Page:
Robot Cop : New Weapon Can Go Places Where Humans Fear to Tread


It has neither the hypersensibility of Star Wars' R2D2 nor the firepower of RoboCop.

But Andros, the new robot the Los Angeles County Sheriff's Department unveiled Tuesday, shares with its cinematic forebears the ability to do things that humans would prefer not to.

Deputies say it's a big step forward in the arms race--the one against bombers, barricaded gunmen and hostage-takers. Andros is no two-legged humanoid, but resembles a small tank, with a 6-foot arm swivel-mounted where a tank's main gun would be.

It is larger than a toy but not big enough to look threatening. Yet, like a human, it can insert a key and open a door, climb stairs, ford a shallow stream, disarm a bomb, fire a shotgun and film a crime scene.

Its remote operators can--by way of on-board two-way speakers and two-way television cameras--negotiate "face to face" with a barricaded suspect or a hostage-taker. Deputies say they expect they will be using the $104,000 robot about three times a month, to reduce the risk to the bomb squad and Special Enforcement Bureau, the department's SWAT team.

Andros, made of heavy-gauge steel, weighs 700 pounds and creaks along on rubber treads at a top speed of 150 feet per minute. In a demonstration in East Los Angeles on Tuesday, Andros plucked a "bomb" from beneath a car, lumbered across an athletic field and dropped it into a heavily reinforced bomb containment barrel.

Then, to achieve what sheriff's media representatives called a "good visual" for the benefit of the press, bomb squad members detonated a small black powder charge just as the "bomb"--a smoking military ammunition box--was dropped inside the chamber.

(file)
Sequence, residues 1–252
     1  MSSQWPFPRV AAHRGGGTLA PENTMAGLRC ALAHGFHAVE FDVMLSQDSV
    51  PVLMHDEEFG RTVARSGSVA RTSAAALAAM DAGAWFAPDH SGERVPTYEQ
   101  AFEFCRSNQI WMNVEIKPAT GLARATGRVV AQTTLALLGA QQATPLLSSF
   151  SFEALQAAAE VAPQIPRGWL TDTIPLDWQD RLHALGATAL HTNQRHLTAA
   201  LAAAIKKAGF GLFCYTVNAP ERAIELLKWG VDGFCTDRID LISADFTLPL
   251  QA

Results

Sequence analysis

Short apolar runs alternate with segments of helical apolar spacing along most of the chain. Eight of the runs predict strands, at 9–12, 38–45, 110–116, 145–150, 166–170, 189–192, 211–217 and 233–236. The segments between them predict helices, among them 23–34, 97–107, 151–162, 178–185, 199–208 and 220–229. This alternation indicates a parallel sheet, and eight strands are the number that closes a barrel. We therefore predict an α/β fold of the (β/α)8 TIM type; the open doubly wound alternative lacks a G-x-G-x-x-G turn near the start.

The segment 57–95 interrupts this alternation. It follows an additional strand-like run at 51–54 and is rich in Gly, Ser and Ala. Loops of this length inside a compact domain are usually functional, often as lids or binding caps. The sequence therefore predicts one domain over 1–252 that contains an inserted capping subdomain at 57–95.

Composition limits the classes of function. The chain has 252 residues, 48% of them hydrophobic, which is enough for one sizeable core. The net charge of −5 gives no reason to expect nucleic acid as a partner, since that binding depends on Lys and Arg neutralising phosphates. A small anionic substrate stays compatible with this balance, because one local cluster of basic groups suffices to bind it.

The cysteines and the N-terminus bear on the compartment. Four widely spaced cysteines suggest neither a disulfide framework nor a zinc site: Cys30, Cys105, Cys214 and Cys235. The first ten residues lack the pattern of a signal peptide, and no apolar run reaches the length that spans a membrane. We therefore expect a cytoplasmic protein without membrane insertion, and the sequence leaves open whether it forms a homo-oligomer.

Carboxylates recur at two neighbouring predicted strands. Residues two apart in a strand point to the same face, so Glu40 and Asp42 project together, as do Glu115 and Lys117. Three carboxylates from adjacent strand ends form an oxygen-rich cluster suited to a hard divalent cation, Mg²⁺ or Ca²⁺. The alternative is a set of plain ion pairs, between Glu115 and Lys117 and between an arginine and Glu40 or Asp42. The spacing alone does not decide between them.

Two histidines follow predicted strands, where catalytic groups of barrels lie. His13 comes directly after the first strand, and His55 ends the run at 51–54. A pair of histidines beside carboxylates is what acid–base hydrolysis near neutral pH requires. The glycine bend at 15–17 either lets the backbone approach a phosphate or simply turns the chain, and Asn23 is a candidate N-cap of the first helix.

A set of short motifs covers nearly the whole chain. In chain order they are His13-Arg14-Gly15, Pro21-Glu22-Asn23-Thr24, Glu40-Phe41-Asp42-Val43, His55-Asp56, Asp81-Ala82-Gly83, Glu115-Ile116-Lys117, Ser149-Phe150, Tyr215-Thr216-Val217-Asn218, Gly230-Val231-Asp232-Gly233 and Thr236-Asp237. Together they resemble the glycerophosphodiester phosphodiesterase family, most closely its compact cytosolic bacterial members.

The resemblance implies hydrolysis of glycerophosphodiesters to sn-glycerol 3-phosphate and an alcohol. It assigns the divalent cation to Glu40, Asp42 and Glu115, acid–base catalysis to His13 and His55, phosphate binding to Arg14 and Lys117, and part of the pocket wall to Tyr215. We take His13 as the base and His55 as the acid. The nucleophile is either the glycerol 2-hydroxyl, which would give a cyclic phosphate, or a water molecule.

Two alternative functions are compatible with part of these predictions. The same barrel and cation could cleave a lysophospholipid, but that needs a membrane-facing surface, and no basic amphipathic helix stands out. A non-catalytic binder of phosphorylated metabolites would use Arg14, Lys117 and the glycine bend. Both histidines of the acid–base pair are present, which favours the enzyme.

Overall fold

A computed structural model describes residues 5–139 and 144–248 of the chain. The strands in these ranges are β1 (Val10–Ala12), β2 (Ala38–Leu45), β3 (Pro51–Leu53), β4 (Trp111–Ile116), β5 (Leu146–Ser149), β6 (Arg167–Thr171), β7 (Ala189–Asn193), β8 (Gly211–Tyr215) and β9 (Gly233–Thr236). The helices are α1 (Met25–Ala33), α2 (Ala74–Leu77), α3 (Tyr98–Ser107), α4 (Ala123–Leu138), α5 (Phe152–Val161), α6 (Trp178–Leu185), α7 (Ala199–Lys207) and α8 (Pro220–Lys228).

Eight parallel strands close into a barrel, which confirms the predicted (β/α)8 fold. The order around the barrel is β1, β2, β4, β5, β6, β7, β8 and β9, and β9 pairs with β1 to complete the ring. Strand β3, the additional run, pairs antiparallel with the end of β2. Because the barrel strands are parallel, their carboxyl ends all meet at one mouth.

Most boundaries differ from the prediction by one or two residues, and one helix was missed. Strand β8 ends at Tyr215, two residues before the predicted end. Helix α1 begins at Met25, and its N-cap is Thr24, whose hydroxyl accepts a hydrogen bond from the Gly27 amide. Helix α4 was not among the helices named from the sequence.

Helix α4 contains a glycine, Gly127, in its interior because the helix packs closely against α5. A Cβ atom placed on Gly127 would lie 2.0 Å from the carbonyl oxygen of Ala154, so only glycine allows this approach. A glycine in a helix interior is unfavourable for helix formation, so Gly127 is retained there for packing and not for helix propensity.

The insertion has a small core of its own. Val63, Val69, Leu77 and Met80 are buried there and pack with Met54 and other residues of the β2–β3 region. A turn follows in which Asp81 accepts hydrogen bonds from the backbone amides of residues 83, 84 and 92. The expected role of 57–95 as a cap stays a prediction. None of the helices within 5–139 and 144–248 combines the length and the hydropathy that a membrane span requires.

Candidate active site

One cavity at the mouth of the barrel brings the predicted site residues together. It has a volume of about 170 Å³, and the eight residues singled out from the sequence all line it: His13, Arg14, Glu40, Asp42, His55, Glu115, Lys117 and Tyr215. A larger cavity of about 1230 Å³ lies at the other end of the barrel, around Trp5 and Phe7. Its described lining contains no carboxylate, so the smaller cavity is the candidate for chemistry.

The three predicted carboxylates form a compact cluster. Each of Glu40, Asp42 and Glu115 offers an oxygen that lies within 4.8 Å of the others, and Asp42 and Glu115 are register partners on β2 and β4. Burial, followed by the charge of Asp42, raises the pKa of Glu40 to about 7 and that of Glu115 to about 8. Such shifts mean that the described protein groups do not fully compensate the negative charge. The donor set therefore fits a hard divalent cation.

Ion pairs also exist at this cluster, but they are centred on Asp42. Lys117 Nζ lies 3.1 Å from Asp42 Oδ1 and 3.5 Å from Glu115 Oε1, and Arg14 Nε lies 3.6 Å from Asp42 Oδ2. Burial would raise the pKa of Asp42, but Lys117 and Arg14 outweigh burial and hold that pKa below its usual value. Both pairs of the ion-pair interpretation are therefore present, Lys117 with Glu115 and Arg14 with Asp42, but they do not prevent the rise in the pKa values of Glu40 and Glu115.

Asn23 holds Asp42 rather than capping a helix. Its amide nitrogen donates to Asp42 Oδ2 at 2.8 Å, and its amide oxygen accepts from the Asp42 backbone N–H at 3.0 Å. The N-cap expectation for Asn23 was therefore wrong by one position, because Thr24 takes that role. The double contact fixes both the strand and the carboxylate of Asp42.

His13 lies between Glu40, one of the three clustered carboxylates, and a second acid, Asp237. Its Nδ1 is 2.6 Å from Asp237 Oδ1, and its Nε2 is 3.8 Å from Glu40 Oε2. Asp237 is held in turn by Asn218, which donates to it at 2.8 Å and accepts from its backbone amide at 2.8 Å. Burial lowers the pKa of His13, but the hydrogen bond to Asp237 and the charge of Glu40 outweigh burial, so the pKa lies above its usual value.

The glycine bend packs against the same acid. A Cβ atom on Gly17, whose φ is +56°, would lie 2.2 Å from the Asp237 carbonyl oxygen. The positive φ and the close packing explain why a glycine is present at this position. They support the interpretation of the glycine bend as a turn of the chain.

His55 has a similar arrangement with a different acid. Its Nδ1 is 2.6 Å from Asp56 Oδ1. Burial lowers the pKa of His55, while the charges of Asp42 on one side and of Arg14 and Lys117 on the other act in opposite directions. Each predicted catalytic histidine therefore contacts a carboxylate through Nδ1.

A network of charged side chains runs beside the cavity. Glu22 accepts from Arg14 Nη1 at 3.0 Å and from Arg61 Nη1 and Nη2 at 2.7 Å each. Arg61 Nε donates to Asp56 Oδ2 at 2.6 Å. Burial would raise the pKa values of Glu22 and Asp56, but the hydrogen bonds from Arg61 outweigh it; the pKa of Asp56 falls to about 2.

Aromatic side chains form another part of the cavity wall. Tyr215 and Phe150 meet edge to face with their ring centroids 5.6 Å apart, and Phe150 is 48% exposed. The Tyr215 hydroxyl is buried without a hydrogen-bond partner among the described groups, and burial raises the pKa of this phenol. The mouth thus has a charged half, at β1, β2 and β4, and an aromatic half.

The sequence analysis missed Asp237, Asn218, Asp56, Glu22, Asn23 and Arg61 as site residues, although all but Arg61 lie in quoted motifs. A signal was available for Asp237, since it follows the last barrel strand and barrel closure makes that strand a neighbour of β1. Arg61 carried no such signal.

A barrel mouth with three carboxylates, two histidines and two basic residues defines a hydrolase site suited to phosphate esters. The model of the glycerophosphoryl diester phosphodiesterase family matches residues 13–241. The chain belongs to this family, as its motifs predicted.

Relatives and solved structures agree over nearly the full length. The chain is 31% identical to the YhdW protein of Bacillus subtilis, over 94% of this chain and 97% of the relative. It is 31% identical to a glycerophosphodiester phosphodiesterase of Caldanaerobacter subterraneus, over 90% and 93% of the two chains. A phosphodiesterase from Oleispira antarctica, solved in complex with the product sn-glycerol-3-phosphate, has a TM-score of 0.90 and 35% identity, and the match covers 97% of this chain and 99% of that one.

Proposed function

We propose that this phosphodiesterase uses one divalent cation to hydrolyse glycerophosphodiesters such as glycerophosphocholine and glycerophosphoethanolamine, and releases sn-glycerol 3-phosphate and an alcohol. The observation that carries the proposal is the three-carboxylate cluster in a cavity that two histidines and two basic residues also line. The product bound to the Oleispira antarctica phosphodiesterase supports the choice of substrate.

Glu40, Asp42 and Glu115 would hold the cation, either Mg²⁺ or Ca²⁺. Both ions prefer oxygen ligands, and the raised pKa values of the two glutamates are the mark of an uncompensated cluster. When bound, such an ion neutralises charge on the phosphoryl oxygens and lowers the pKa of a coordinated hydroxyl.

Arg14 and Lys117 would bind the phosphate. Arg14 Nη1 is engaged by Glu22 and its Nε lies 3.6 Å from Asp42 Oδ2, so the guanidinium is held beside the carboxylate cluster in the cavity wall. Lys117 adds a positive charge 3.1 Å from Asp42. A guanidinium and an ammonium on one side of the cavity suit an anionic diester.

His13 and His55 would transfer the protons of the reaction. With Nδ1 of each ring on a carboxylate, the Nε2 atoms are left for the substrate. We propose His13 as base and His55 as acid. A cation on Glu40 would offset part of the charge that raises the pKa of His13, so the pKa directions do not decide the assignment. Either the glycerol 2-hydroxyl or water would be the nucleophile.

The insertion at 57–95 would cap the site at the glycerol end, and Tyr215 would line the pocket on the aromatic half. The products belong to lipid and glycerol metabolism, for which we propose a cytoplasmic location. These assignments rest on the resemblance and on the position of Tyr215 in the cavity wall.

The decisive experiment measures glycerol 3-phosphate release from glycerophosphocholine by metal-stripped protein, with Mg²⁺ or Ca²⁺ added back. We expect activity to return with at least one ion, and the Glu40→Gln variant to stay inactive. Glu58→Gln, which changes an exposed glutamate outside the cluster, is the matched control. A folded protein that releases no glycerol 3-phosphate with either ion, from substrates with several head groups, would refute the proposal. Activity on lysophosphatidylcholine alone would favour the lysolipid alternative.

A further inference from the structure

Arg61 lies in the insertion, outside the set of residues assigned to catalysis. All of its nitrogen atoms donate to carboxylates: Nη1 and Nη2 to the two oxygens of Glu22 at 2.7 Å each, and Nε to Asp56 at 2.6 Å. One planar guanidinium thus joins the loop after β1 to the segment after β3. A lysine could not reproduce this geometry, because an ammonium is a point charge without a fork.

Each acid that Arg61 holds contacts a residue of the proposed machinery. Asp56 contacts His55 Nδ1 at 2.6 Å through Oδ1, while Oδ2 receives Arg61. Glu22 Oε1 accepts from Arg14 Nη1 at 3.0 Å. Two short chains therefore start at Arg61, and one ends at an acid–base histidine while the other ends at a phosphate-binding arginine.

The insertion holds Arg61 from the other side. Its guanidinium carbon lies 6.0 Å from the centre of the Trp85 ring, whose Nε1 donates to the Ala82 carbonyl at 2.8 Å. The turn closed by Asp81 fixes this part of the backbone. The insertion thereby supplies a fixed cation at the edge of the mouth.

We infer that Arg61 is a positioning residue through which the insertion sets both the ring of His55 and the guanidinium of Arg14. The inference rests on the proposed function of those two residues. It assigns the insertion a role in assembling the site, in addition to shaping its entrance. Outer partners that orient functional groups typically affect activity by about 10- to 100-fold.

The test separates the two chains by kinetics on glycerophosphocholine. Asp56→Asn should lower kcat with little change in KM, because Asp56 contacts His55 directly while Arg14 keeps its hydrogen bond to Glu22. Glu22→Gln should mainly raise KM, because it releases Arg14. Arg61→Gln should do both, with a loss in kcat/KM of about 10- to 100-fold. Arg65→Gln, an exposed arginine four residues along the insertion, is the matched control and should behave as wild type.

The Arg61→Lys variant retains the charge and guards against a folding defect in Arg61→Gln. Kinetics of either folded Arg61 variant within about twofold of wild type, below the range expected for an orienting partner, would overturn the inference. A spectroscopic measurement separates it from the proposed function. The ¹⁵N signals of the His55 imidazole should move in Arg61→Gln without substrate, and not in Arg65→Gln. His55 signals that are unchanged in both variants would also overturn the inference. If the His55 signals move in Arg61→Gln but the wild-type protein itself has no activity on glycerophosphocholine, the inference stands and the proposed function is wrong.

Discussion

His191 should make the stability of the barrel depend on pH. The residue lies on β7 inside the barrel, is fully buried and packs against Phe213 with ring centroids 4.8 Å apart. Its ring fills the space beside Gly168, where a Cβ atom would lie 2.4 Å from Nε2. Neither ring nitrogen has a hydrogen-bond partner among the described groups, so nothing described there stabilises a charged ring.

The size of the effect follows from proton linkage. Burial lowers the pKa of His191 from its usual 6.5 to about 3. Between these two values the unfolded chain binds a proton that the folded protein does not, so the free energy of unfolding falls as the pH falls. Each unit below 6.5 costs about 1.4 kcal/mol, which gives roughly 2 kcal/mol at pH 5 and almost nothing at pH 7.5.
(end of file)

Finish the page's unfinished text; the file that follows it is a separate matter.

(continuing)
Andros' abilities lend themselves to such gee-whiz displays, said Undersheriff Robert Edmonds, "but we obviously feel this robot is more than that." He predicted that it will "significantly reduce the risk to our bomb squad members and our people who deal with barricade situations."

The robot, tethered to a 328-foot electric cord, is maneuvered by a joystick like those for video games. The operator works Andros from inside the robot's carrying van, in front of a full-color television screen.

In selecting Andros from the new generation of robots, Edmonds said, the department was attracted by its nimbleness: Where other robots use RoboCop-like brawn to break down doors and intimidate suspects, Andros' long suit is manual dexterity.

"It takes a lot of finesse to turn a key and open a door and to climb stairs," he said. "It's our belief that those skills will prove valuable in the long run."

The finer points of key-turning and shotgun-wielding will have to wait until Andros' accessories--mechanical fingers--arrive from the manufacturer in a few weeks.

Andros' manufacturer, Remotec Inc. of Oak Ridge, Tenn., has sold units to the New York Police Department, the FBI and the Navy, said sheriff's spokesman Pat Hunter.

In 1984, the Los Angeles Police Department purchased a robot named Felix for the Los Angeles Summer Olympics, said Cmdr. William Booth. "But we've only used it a half-dozen times a year on suspicious packages. I understand that technology has improved somewhat."

Since the 1940s, when the Sheriff's Department first designated specialists for bomb detonation, no deputy has been hurt working on a bomb, Edmonds said.

But the department is mindful that two LAPD bomb squad veterans were killed in 1986 dismantling a pipe bomb in North Hollywood. "We've been fortunate," said Edmonds. "But that hasn't made us forget that handling bombs is dangerous work."

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